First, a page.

Legislature(1995 - 1996)
02/21/1996 09:30 AM HES
* first hearing in first committee of referral
= bill was previously heard/scheduled
= bill was previously heard/scheduled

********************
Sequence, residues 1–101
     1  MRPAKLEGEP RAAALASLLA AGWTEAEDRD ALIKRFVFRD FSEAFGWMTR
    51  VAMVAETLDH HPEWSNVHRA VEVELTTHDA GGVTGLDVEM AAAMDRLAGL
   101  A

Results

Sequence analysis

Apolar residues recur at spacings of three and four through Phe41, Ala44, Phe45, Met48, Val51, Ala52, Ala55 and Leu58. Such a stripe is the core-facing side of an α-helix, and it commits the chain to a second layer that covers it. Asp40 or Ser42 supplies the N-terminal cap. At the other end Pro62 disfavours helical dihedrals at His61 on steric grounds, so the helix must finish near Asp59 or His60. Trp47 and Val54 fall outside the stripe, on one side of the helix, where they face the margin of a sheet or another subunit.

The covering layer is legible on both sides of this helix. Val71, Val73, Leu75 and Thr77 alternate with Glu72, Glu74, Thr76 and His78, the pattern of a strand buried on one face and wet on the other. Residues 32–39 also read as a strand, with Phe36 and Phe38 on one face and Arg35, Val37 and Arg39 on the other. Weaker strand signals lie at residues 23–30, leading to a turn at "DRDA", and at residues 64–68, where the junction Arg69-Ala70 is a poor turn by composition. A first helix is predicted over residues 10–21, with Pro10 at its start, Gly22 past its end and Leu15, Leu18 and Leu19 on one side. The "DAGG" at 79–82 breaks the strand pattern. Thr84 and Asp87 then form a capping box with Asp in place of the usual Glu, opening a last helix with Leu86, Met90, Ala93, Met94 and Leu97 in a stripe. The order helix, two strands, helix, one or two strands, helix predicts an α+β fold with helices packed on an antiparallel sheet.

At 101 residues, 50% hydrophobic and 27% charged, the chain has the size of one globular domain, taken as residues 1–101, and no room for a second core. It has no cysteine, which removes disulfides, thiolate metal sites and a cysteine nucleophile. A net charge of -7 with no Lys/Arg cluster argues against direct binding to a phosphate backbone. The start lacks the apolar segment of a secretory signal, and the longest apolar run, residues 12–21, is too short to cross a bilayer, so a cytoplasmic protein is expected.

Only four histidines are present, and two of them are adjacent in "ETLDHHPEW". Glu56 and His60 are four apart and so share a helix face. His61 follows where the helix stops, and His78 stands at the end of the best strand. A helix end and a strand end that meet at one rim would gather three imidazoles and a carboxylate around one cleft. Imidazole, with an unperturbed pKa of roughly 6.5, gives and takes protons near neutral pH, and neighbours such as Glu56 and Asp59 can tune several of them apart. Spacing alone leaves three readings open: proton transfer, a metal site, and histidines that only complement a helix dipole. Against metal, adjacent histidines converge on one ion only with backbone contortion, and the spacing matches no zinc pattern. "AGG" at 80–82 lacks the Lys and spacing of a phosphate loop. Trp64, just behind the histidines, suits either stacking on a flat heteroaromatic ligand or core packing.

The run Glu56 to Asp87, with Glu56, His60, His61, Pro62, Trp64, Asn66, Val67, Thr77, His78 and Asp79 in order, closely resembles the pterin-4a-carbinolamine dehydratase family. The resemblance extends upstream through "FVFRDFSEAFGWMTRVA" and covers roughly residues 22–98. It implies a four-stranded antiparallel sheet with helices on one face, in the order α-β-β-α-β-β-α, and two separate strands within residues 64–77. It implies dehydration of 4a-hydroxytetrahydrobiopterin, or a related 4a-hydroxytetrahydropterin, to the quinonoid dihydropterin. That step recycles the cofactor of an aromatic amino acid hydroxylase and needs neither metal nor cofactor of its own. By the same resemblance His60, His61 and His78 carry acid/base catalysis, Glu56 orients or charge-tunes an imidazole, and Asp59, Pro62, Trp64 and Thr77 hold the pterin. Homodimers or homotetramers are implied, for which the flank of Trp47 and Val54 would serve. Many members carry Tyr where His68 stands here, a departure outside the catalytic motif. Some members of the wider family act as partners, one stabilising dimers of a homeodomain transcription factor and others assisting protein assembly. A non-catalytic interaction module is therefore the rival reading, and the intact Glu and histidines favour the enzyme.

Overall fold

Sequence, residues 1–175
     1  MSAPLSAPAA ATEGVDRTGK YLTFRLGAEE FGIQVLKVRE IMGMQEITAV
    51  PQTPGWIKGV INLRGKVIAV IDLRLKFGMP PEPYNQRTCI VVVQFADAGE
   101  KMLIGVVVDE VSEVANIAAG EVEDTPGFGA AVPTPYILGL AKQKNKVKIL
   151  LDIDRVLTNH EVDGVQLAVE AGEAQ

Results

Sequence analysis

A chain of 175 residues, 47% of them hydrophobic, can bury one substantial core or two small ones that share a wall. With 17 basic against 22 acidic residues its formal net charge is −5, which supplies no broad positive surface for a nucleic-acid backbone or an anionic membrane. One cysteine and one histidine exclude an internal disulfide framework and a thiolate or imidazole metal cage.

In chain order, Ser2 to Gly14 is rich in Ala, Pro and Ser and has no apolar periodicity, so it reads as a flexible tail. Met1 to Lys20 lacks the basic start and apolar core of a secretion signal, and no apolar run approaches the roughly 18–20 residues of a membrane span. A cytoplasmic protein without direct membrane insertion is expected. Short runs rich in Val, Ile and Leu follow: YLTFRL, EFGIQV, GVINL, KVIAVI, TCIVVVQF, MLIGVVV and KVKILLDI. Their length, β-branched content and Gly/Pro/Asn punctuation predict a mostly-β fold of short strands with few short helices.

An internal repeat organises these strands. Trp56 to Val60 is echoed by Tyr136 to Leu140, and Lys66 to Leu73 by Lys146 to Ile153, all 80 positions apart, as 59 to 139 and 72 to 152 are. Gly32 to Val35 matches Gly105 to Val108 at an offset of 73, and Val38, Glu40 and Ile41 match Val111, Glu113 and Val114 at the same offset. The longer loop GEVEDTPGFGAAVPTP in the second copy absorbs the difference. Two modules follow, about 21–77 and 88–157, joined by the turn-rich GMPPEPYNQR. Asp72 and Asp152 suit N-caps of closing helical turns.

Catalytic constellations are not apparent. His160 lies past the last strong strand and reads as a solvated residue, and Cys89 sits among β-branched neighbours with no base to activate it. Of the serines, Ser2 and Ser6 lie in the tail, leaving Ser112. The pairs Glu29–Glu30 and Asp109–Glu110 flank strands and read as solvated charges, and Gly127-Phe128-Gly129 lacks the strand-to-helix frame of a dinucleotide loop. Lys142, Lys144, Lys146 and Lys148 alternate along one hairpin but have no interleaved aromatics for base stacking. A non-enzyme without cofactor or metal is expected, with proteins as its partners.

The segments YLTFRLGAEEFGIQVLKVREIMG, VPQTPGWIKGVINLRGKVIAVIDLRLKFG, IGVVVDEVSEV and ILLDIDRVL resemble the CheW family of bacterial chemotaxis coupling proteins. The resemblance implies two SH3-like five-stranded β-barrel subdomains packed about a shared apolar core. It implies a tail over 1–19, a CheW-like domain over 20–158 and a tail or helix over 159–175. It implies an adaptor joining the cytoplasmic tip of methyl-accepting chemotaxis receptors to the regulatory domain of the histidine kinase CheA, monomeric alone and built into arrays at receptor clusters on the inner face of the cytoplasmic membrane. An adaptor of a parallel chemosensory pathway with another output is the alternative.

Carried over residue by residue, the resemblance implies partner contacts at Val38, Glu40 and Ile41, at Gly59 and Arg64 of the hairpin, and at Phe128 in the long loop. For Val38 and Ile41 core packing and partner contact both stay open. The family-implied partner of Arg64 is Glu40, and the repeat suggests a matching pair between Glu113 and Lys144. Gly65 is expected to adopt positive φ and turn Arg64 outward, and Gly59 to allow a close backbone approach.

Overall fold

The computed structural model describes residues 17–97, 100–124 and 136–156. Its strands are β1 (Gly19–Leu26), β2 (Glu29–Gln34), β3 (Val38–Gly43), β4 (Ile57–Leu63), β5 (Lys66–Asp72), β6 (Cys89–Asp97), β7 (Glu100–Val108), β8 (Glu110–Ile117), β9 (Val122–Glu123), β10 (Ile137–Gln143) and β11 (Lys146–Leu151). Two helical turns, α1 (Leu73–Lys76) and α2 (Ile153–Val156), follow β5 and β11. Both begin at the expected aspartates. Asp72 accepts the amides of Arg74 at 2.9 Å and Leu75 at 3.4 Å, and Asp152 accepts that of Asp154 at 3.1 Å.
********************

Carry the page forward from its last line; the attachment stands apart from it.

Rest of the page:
SENATE HEALTH, EDUCATION AND SOCIAL SERVICES COMMITTEE February 21, 1996 9:30 a.m. MEMBERS PRESENT Senator Lyda Green, Chairman Senator Loren Leman, Vice-Chairman Senator Mike Miller Senator Johnny Ellis Senator Judy Salo MEMBERS ABSENT All members present. COMMITTEE CALENDAR SENATE BILL NO. 156 "An Act requiring mandatory mediation of child custody disputes except in extraordinary circumstances; relating to modification of child custody or visitation rights; amending Alaska Rule of Civil Procedure 100; and providing for an effective date." SENATE BILL NO. 185 "An Act relating to immunization records for children under the age of seven." PREVIOUS SENATE COMMITTEE ACTION SB 156 - See Health, Education & Social Services minutes dated 9/21/95, 10/20/95. SB 185 - See Senate Health, Education & Social Services minutes dated 2/12/96, 2/14/96. WITNESS REGISTER Mike Tibbles, Staff Senator Green State Capitol Juneau, Alaska 99801-1182 POSITION STATEMENT: Discussed SB 156. Art Snowden, Administrative Director Alaska Court System 303 K Street Anchorage, Alaska 99501-2084 POSITION STATEMENT: Supported the premise of SB 156. Mary Anne Dearborn 308 G Street, #201 Anchorage, Alaska 99501 POSITION STATEMENT: Supported SB 156. Bill Cotton, Executive Director Alaska Judicial Council 1029 W 3rd Anchorage, Alaska 99501 POSITION STATEMENT: Urged the favorable consideration of SB 156. Diana Buffington Children's Rights Council PO Box 92309 Anchorage, Alaska 99509 POSITION STATEMENT: Stated that mediation is not occurring in Alaska. Carol Palmer, Advisory President Victims of Custody PO Box 2402 Palmer, Alaska 99645 POSITION STATEMENT: Offered to make a videotape. Diane Lo Russo PO Box 2216 Palmer, Alaska 99645 POSITION STATEMENT: Discussed concerns regarding mediation in cases with a history of domestic violence. Robert Shumaker PO Box 4290 Palmer, Alaska 99645 POSITION STATEMENT: Supported SB 156. Jayne Andreen, Executive Director Council on Domestic Violence & Sexual Assault Department of Public Safety PO Box 111200 Juneau, Alaska 99811-1200 POSITION STATEMENT: Discussed concerns with SB 156. John Middaugh, MD Chief, Epidemiology Section Division of Public Health Department of Health & Social Services PO Box 240249 Anchorage, Alaska 99524-0249 POSITION STATEMENT: Discussed concerns with SB 185. Dr. Brad Gessner Maternal Child & Family Section Department of Health & Social Services 1231 Gambell Street Anchorage, Alaska 99501 POSITION STATEMENT: Discussed research which has demonstrated a relationship between SIDS and maternal smoking and SIDS and the child's sleep position. ACTION NARRATIVE TAPE 96-12, SIDE A SHESS - 2/21/96 SB 156 MANDATORY MEDIATION:CHILD CUSTODY ISSUES Number 001 CHAIRMAN GREEN called the Senate Health, Education and Social Services (HESS) Committee to order at 9:30 a.m. and introduced SB 156 as the first order of business. SENATOR MILLER moved to adopt the CSSB 156(HES), Lauterbach version K, in lieu of the original bill. SENATOR ELLIS objected for explanation purposes. MIKE TIBBLES, Staff to Senator Green, read the following statement: SB 156 was introduced to help families involved in child custody disputes resolve their differences through mediation rather than adjudication. Resolving issues before the courts is often very expensive, confrontational and competitive to the point where a parent will often do anything to "win." This all or nothing mentality can lead to decisions which are contrary to the best interest of the child. Mediation, however, leaves the decision making authority up to the parties involved. In order to win in mediation, the decision must be based upon the cooperation of both parties. Opening lines of communication are essential to achieving the goal of shared custody and responsibility, which are most often in the best interest of the children. During the interim the Senate HESS Committee held a public hearing on SB 156. While most participants were supportive of the concept of mediation, several concerns were raised as to the cost of the bill as written, the punitive nature, the practicality of its implementation and its effect upon families experiencing domestic violence. In an attempt to address these concerns, the sponsor of the legislation formed a citizens' work group to analyze the issues and propose a new draft to report back to this committee. This group included members from the Alaska Dispute Settlement Association, the ADR section of the AK Bar Association, the Supreme Court Committee on Mediation, AWAKE, Children's Rights Council, Victims of Custody, the Alaska Judicial Council, the Mat-Su Valley Women's Resource Center and Alaska Legal services. The product of the group's efforts resulted in the proposed committee substitute included in each of your packets. The premise behind this draft is that, to be effective, mediation should be a voluntary process and the role of the state should be to educate the public about mediation as an option already authorized under the law not to mandate it in every occurrence. The new draft will require the courts to order parties involved with a custody dispute to attend an educational presentation on mediation. This can be accomplished through viewing a video, listening to an audio tape, or receiving a vocal presentation either in person or on the phone. Mr. Tibbles offered to answer any questions. SENATOR ELLIS removed his objection. CHAIRMAN GREEN said that the CS has come a long way from the original bill. The meetings were very interesting. Number 069 ART SNOWDEN, Administrative Director of the Judicial Branch of Government, said the court system supported the premise of SB 156. However, the mandate created by the language "shall" does not leave any discretion to the judges. This lack of discretion would hurt the court system for many reasons: (1) In rural areas of Alaska, many people do not live near a court and these people file their divorce-custody pleas by mail. SB 156 does not excuse these people. (2) Some communities do not have mediators. (3) SB 156 does not excuse victims of domestic violence. Mr. Snowden noted that it is unclear as to whether Civil Rule 100 applies to mediation under this section. (4) Are those who have previously seen a video going to be required to do so again if they file a modification? What about those who sought mediation before the divorce? (5) What about the sick or disabled or those who cannot take time from work to view the video? (6) Professional mediators would not be excused from watching the video. (7) SB 156 does not address those persons whose first language is not English. (8) What about those who move out of Alaska? Number 118 Mr. Snowden mentioned that if there are not any copyrighted videos, a great deal of money would be needed in order to create the video. If there is a copyrighted video available for use, then a number of videos would need to be purchased since such videos could not be copied. He pointed out that most courtrooms do not have room to show the video; would people be required to drive to the nearest available courtroom showing the video? No fiscal note has been created because if the final language will determine the fiscal impact of the bill. With "may" the fiscal note could possibly be lower than $20,000 while "shall" would increase the cost significantly. Mr. Snowden assured the committee that judges want people to see the video and the Alaska Court System supports the concept of SB 156. The judges should be afforded the discretion to excuse people from attendance for the reasons previously stated. Number 157 SENATOR LEMAN related his experience in serving jury duty in which he was required to watch a video discussing how to serve on the jury. The video was helpful. Senator Leman felt that it would not hurt people to see the video more than once. Moreover, airplane seatbelt demonstrations, fire drills, and many others are performed on a regular basis. Senator Leman felt that the process should be the least burdensome. ART SNOWDEN agreed with Senator Leman. In an area, such as Anchorage, viewing the video would occur in 99 percent of the cases. Anchorage is already showing a video in practically all cases. The court system has every intention of showing the video, however, making it mandatory in all cases creates a problem. He reiterated that judges should have some discretion in this area. Number 192 SENATOR LEMAN asked if there had been any discussion about this problem with the language. CHAIRMAN GREEN replied no. She explained that Civil Rule 100 addresses mediation. Chairman Green believed that very little mediation is recommended, requested or even discussed in the courtroom. SB 156 merely allows a conversation about mediation whether by telephone, video, or audio. This can be done. ART SNOWDEN reiterated that this would happen in most cases, but there are problems in various areas in Alaska which need to be addressed. Mr. Snowden suggested that the language could be changed from "shall" to "shall where practical" or "may excuse individually" in order to give the judge some discretion. CHAIRMAN GREEN asked how the strength of the language could be maintained with discretionary language. ART SNOWDEN explained that if a judge can individually excuse a person, that person must come into court in order to be excused which would mean mediation. Even with some narrow discretion to the judge, the bill still maintains its intent. Currently, there is a local order mandating that those involved in divorce cases view a video regarding the children. The court system does not have a problem with doing this, but it is not possible in every case and the language does not allow any discretion. Number 225 SENATOR SALO believed that the variety of circumstances in Alaska is dealt with in subsection (c) on page 1, lines 13-14 which specifies the manners in which the presentation could be achieved. She asked if adding "or written presentation" on line 14, page 1 would alleviate Mr. Snowden's concerns. ART SNOWDEN said that it would be helpful. That language would allow foreign language text for those needing such. CHAIRMAN GREEN informed the committee that Senator Salo's language had been discussed in the work group. The work group was concerned that it would be interpreted as a pamphlet and would be used first rather than as a last resort. SENATOR LEMAN believed that there is a manner in which to deal with these concerns. Perhaps, the language could indicate that the court could substitute, with good cause, the in-person educational presentation by mailing the appropriate materials. ART SNOWDEN pointed out that in communities that do not have mediators and cannot get mediators, this is not practicable. Mr. Snowden indicated that copyrighted videos would be expensive. Hopefully, the audio portion could be created by the court system. He said that the preferred method could be stated in the legislation, but the other rare situations in which the preferred method would be impractical could be allowed to provide other options. SENATOR LEMAN asked if the copyright laws for videos were similar to those of music copyrights. Would there be a fee for each time the video is shown? ART SNOWDEN clarified that the video cannot be duplicated, if more copies are needed then they must be purchased. There is not a fee for each time the video is shown. Mr. Snowden indicated that the court system could produce a audio tape for rural areas, however, there are no translations for certain terms in other Native languages and often there is no mediator available. Perhaps, it would be better to send the video regarding the children of divorce rather than on mediation. Number 294 SENATOR SALO offered the following amendment: page 1, line 14, delete "or"; insert a "," after "vocal presentation"; and insert "or where necessary written materials". SENATOR LEMAN suggested that Senator Salo's amendment be a conceptual amendment. The bill drafter could develop language to achieve the intent of Senator Salo's amendment. In response to Senator Salo, CHAIRMAN GREEN said that SB 156 goes to Senate Judiciary next and then Senate Finance. ART SNOWDEN appreciated the cooperation of the committee. SENATOR SALO clarified that her amendment was intended to address Chairman Green's concern that the material not become merely a pamphlet on mediation. Number 323 MARY ANNE DEARBORN, testifying from Anchorage, appreciated the committee's work on SB 156. She supported SB 156. In response to one of Mr. Snowden's comments, Ms. Dearborn believed that rural and bush communities do have mediators and conflict resolution is more prevalent in those communities than in more urban settings. Tribal court mediators and elders in community are well qualified and able to be deal with conflict. BILL COTTON, Executive Director of the Alaska Judicial Council, explained that one of the Council's responsibilities is to research ways in which the court system can do its job better and cheaper. Mediation and SB 156 are good steps in that direction. He urged the committee to favorably consider SB 156. There are mediation videos and tapes on the market that are not expensive. Mr. Cotton suggested that attorney's could also purchase these videos and make them available for their clients. Furthermore, Blockbuster has public service videos such as these for rent. The Council offered to work with the court system to buy videos. DIANA BUFFINGTON, Children's Rights Council, disagreed with Mr. Snowden. Ms. Buffington informed the committee that two of her clients were recently denied court order mediation because the judge felt that it was a waste of time. Mediation is not being widely used in Alaska courts; currently, Alaska ranks 50 nationwide in the use of mediation. Ms. Buffington said that bush communities have poor education and written communication would not be helpful in these areas. The Children's Rights Council is willing to provide free weekend programs in the major communities as well as some of the bush communities. Number 371 CAROL PALMER, Advisory President of Victims of Custody, agreed with Ms. Dearborn regarding the ability of the Tribal Council to act as mediators. Victims of Custody is in the process of making a brochure. Ms. Palmer offered to make a videotape. She informed the committee that she had seen a videotape entitled, Mediation: It's Up to You which was suggested to be used in the courts. DIANE LO RUSSO, testifying from Palmer, informed the committee that she had been working with domestic violence victims for 10 years. She expressed concern that there is no language in SB 156 which addresses the danger of mediation in cases where domestic violence is present in the relationship. She echoed Mr. Snowden's consideration of Civil Rule 100. The National Battered Women's Law Project and the National Association of Women and Family Law have produced information cautioning the use of mediation in such cases. She asked what type of qualifications were necessary to become a mediator in Alaska. Not so long ago, anyone could call themself a mediator. CHAIRMAN GREEN said that SB 156 merely makes the video available to those involved in child custody disputes. DIANE LO RUSSO emphasized that most of the mediation information does not address nor caution those who have relationships with a history of domestic violence that mediation may not be the appropriate venue. Number 416 CHAIRMAN GREEN clarified that SB 156 makes the information available, the bill does not require confrontation. ROBERT SHUMAKER thanked the committee for their work on this bill. He was sorry that the bill was no longer mandatory. If the current system was working, this bill would not be up for consideration. He said that children should be the focus. He hoped that the mandatory aspect of this would return next year. He said that a skilled mediator would not allow domestic violence to be a problem. Mr. Shumaker supported the bill as well as making mediation mandatory. JAYNE ANDREEN, Executive Director of the Council on Domestic Violence & Sexual Assault, appreciated the committee's work. She expressed concern that there is no opportunity for the courts to exclude people from the education program when a history of domestic violence is present. Furthermore, the education does not address the dangers of mediation in domestic violence cases. Could cautions regarding domestic violence in the mediation education be added? Victims want to use the most non-threatening way to deal with their offender which leads to the attractiveness of mediation. Even with a skilled mediator, the imbalance of power still exists in the majority of cases. Number 456 SENATOR SALO did not believe that anyone would be harmed by education and information. Perhaps, the content of the education materials could address this domestic violence concern. She indicated that the council could work with the material in order to influence its content so as to address their concerns. Senator Salo hoped that Ms. Palmer and the Victims of Custody would share the development of mediation materials with the court system in order to receive suggestions on the content of the materials. CHAIRMAN GREEN informed the committee that the Victims of Custody focuses on the child support enforcement and non-custodial parents and the abuses that occur during the divorce, the court proceedings and afterwards. Domestic violence was not an issue until the citizen's work group met. She reiterated that viewing these materials is not harmful or threatening. JAYNE ADREEN explained that the victims want to end the abuse and a third party mediator is very enticing. She related her discussions with about a dozen victims who had voluntarily utilized mediation in child custody and support issues. After about six months to a year, most of these victims realized that the abuse had effected the proceedings and an equal process did not result. SENATOR SALO indicated that such a scenario could also happen in court. The mediation is not mandated. She reiterated that Ms. Adreen's concerns could be addressed in the materials. JAYNE ADREEN said that the council would be happy to work with the court system in ensuring that domestic violence concerns are addressed in the materials. SENATOR SALO agreed to her amendment being conceptual. Therefore, without any objection, the conceptual amendment was adopted. Number 509 SENATOR MILLER moved CSSB 156(HES) as amended out of committee with individual recommendations. Hearing no objection, it was so ordered. SHES - 2/21/96 SB 185 IMMUNIZATION RECORD UPON CHILD'S DEATH CHAIRMAN GREEN introduced SB 185 as the next order of business before the committee. DR. JOHN MIDDAUGH, Epidemiology Section of the Department of Health & Social Services, pointed out that SB 185 does not specify for what purpose the information would be collected. He assumed that the information would be collected in SIDS cases and other unexplained deaths of children which could be related to vaccinations in order to illuminate these potential connections. Dr. Middaugh expressed concern about the logistics of the bill as well as the science and value of collecting such information. Many studies reviewing the association of vaccinations with SIDS and unexplained deaths in children have been performed, particularly reviewing the relationship between the administration of DPT and SIDS. Those studies have demonstrated that there is no causal relationship between a child receiving a vaccination and subsequently dying of SIDS. The logistics of collecting this information is difficult and possibly even unworkable. Dr. Middaugh informed the committee that there are 11 different standard vaccines children receive 23 separate times in their first seven years. He pointed out that children move around and go to multiple providers. Also some of the information to be collected under SB 185 is not routinely recorded on a child's vaccination record. Therefore, the ability to collect the information is questionable. Even if the information could be collected, Dr. Middaugh questioned the scientific value of the information because it would not review other important considerations. Dr. Middaugh informed the committee that Dr. Gessner was present and could discuss some research being done with SIDS. Dr. Middaugh noted that work is being done to understand and improve the prevention activities. Number 557 DR. BRAD GESSNER, Maternal Child & Family Section of the Department of Health & Social Services, said that he was a pediatrician and an epidemiologist. He viewed the issue as mainly in children less than one year of age. The majority of children dying under the age of one die from prematurity and congenital anomalies which normally happens in the first 28 days of life. Generally, SIDS' deaths occur after that period, around the 90th day of life. Dr. Gessner agreed with Dr. Middaugh that there is no evidence in the scientific literature that there is a relationship between SIDS or unexplained infant deaths and vaccine delivery of any type. Current literature suggests that placing an infant on its back to sleep can reduce the SIDS rate. Also an increased SIDS rate has been found when smoking occurs during pregnancy and post-pregnancy. Dr. Gessner pointed out that the Infant Mortality Review Committee was established in order to review the causes of infant death in order to address SIDS in Alaska. SIDS rates in Alaska are higher than other states. Three years of data confirms that there is a relationship between infant deaths and maternal smoking and sleep position. Dr. Gessner stated that the data does not illustrate any relationship between infant deaths and vaccine delivery. SENATOR LEMAN asked if the information requested last time was available; the information regarding the number of deaths of children under seven which were unexplained. TAPE 96-12, SIDE B In response to Senator Leman, CHAIRMAN GREEN said that she had received some information, however it did not exactly answer the question. There is a list of the unknown causes of death, but there is not a list of the other causes of death of children under seven. She informed the committee that on average, 29 deaths annually were listed as resulting from SIDS and three deaths annually from unknown causes. Those numbers come from an average of 151 each year. SENATOR LEMAN said that he would review the information and be prepared to continue this discussion in the next committee of referral. Number 577 SENATOR LEMAN moved that SB 185 be moved out of committee with individual recommendations. Hearing no objection, it was so ordered. There being no further business before the committee, the meeting was adjourned at 10:17 a.m.